There are plenty of other fascinating examples of biomimicry in action too. Take spider silk: The fine, sticky, stretchy fiber that spiders spin into webs is relatively tougher than steel and more elastic than rubber. Scientists see the potential of spider silk for all manner of applications, including bullet proof armor, surgical sutures and even bridge cables. The biggest challenge they face is creating enough of the stuff. It’s why organizations like Spintex Engineering are focusing their efforts on scaling production of spider silk – or at least a synthesized version of it. This particular company has found a way of mimicking spiders’ spinnerets, allowing it to spin fiber from liquid gel at room temperature without using harsh chemicals.

Here are some more examples of biomimicry:

Dassault Systèmes and biomimicry

Green Turtle Project’s trash-collecting robot mimics a turtle’s motions. (Image courtesy of Green Turtle Project)

Like the scientists trying to recreate spider silk at scale, others are also increasingly searching for ways to harness nature’s secrets to create better products and processes. But, unlike nature, they don’t have 3.8 billion years to refine their R&D.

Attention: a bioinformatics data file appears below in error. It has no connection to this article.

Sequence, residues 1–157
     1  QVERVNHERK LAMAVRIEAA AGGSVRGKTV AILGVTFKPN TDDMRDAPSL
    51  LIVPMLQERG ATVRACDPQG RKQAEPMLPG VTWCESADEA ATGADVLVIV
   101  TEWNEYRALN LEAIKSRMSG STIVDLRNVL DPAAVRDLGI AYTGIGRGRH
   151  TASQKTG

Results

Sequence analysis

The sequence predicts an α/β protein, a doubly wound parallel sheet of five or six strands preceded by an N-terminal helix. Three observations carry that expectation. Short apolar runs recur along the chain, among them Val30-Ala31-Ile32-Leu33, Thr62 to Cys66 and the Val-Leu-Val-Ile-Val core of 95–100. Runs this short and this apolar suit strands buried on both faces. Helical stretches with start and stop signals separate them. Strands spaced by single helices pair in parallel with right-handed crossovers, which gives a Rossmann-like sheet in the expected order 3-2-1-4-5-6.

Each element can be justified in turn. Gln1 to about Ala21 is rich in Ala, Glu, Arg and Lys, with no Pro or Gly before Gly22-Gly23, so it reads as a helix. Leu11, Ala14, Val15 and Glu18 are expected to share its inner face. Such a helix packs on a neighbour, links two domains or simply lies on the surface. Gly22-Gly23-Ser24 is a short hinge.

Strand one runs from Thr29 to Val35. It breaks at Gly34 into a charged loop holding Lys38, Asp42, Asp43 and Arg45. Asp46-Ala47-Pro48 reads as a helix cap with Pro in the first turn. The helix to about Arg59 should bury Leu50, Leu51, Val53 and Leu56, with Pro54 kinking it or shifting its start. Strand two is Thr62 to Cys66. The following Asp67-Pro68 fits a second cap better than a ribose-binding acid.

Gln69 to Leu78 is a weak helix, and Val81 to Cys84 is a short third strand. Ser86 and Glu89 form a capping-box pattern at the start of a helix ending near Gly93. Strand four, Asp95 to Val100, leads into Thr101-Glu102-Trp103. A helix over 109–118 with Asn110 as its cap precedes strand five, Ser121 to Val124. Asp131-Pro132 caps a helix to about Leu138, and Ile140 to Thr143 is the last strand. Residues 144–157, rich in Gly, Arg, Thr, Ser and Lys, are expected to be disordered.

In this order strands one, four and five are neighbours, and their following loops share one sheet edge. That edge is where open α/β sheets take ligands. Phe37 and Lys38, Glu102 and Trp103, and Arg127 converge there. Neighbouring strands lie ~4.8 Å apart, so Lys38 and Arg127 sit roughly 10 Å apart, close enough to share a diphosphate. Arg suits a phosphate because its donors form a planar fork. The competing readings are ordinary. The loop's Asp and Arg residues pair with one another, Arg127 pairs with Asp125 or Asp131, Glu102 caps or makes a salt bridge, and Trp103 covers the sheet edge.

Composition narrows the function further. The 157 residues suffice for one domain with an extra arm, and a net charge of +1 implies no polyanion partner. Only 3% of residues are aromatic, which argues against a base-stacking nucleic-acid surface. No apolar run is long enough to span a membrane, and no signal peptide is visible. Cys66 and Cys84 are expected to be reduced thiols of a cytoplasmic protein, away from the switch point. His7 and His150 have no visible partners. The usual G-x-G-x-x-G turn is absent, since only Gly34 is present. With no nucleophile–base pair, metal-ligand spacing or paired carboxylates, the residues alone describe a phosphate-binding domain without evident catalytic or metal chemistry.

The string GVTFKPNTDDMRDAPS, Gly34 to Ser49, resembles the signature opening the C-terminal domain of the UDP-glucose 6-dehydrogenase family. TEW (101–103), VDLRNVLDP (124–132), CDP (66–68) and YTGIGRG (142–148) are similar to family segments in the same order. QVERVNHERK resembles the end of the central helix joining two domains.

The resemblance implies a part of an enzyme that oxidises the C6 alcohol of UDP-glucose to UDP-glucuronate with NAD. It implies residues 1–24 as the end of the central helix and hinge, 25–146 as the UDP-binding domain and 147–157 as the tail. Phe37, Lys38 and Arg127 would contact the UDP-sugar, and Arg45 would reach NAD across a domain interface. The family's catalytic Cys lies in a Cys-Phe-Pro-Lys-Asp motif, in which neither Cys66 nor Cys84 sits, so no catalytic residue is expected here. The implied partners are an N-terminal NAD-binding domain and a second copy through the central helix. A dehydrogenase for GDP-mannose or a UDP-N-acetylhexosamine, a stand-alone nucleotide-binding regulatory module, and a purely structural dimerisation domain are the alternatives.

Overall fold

That’s where technology like the 3DEXPERIENCE platform comes in. Dassault Systèmes solutions allow researchers, engineers and scientists to mimic evolution in the virtual world – modelling their designs and testing thousands of ideas in silico to quickly identify the winning traits for a new generation of sustainable products.

Nature provides the blueprint and digital technology allows us to study it, understand it and, ultimately, replicate it.   

Here are some amazing biomimicry projects Dassault Systèmes has been involved in:

  • Artist Kate Reed works from the 3DEXPERIENCE Lab’s Fab Lab in Boston, USA. Her Beyond Biomimicry collection draws inspiration directly from nature to create wearable technology.
  • EEL Energy used the 3DEXPERIENCE platform to develop an undulating membrane that mirrors the motion made by swimming fish to generate electricity from underwater currents.
  • The Green Turtle Project brought together experts, including specialists from Dassault Systèmes, to create a turtle-like robot that collects rubbish floating on the ocean’s surface.

Why biomimicry matters

The beauty of biomimicry is that its impact can be felt across all industries and disciplines, from aerospace to health and beauty. Today, we face the colossal challenge of moving away from the traditional energies, materials and methods that threaten our planet, and making the transition to a carbon-neutral and more sustainable way of life. Ironically, it is nature – the very thing we are destroying – that holds the key to our future.

“When we look at what is truly sustainable, the only real model that has worked over long periods of time is the natural world,” Benyus said.

The question is, then, how quickly can we mimic nature to help ourselves, each other, and the planet?